Enlarged further, I see there appears to be Sectionmen working on the track. I'd like to think that perhaps the Dapper Gentleman is the Station Agent returning from checking on progress made on whatever work they're doing.
I was told by an old rr guy that you wanted to have the roadbed and ballast profile fall away from the ends of the ties so they weren't buried, stayed drier and didn't rot, and that the mounded ballast in the middle made a sort of a reservoir of ballast that would work its way outward under the rails to keep the profile right as time went on and the ballast tended to fall out to the sides. Is that right? I do notice in the old photos that the tie ends tend to be pretty well exposed on track that looks well-maintained.
Speaking of another Jim Dandy, I see that his persistive efforts have now had the comments section removed from a growing number of the DPL photos. One now has to email them with the corrections, identifications and locations.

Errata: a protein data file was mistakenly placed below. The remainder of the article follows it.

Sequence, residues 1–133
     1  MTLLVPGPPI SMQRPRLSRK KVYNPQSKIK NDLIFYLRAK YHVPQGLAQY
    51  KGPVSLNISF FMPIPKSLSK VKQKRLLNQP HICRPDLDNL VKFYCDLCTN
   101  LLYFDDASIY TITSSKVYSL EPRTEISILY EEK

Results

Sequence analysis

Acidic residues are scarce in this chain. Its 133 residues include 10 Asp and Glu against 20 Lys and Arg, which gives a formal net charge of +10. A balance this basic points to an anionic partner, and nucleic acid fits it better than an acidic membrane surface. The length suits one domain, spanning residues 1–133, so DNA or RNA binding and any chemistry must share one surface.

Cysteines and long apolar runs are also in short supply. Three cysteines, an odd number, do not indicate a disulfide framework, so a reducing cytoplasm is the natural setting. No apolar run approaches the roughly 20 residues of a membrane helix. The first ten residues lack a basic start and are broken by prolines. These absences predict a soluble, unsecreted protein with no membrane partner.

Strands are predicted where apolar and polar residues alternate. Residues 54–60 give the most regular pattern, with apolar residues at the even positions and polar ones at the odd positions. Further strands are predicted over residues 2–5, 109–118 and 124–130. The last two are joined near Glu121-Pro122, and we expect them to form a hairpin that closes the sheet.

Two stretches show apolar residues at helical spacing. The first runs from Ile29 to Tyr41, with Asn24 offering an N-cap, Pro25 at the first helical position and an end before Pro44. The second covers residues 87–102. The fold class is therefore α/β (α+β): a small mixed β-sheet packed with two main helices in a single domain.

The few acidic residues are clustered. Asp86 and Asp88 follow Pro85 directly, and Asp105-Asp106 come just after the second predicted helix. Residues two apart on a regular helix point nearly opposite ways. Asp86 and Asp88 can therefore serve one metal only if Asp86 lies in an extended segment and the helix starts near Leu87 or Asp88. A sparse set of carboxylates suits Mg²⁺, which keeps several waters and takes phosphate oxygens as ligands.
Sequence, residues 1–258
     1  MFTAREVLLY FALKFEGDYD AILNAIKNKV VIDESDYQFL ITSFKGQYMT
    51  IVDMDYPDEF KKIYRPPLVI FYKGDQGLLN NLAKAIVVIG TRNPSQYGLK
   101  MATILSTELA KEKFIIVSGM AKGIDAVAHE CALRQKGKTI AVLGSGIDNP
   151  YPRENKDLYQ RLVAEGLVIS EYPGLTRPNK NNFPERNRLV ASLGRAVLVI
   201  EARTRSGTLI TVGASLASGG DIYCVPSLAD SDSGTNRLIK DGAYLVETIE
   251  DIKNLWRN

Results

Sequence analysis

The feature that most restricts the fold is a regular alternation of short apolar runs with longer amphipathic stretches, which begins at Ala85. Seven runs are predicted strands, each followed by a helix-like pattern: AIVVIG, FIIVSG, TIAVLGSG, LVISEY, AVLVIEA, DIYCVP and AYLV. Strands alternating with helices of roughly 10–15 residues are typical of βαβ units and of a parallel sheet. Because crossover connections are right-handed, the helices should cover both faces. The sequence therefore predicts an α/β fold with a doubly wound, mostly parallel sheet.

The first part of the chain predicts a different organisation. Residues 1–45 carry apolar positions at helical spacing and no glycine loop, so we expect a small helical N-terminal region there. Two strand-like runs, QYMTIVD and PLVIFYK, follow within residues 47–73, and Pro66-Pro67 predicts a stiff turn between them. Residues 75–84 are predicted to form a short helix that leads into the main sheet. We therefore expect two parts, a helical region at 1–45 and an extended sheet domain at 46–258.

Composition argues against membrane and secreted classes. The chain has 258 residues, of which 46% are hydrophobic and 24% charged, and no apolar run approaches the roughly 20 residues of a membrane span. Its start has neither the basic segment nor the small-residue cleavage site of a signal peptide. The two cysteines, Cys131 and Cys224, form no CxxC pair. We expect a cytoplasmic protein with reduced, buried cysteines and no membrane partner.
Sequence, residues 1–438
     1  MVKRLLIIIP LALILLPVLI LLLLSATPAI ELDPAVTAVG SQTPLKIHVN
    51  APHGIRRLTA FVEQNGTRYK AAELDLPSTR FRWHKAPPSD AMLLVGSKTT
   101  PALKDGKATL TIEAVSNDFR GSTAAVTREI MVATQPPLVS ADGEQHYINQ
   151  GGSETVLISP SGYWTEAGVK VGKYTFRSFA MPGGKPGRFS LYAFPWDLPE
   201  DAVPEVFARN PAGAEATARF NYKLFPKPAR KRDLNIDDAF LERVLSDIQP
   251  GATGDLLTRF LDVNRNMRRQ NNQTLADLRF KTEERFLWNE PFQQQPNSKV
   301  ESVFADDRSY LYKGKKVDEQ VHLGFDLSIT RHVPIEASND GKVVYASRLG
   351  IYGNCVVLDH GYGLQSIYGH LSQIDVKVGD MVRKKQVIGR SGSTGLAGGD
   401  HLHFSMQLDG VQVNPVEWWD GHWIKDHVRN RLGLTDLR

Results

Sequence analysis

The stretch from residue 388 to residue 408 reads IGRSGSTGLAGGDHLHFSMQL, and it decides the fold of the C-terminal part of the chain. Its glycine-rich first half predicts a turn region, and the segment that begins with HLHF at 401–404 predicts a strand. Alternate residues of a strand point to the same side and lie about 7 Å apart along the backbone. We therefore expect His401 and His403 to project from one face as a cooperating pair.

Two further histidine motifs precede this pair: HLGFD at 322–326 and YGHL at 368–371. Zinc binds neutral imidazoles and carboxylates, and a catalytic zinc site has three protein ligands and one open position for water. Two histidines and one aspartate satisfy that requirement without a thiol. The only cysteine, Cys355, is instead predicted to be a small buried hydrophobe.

To build on what Mr. Shapekahm states, what serves as ballast is mounded up towards the track centerline. This helps any water that falls on the road bed drain to either side of the track, moving quickly away from the road and rails, and ideally only a very small amount penetrates below the track. This prevents undermining the roadbed.
Over time, the design of the roadbed became the focus of engineers, who gradually lifted the roadbed up slightly from the adjacent landscape, tamped and compacted the underlying soil (to the extant that years of train travel did not do so), and introduced freely draining rock ballast to both bed the ties and move the water away to ditches now carved on either side of the track within the right of way.
While I enjoy nature, and like to see it preserved, all of this track engineering has created miles-long wetlands that parallel our railroads.
I can only observe that Mr. Dandy must be experiencing a bumpy ride as he spirits the depot drawings past the section gang to the next depot where an express train awaits.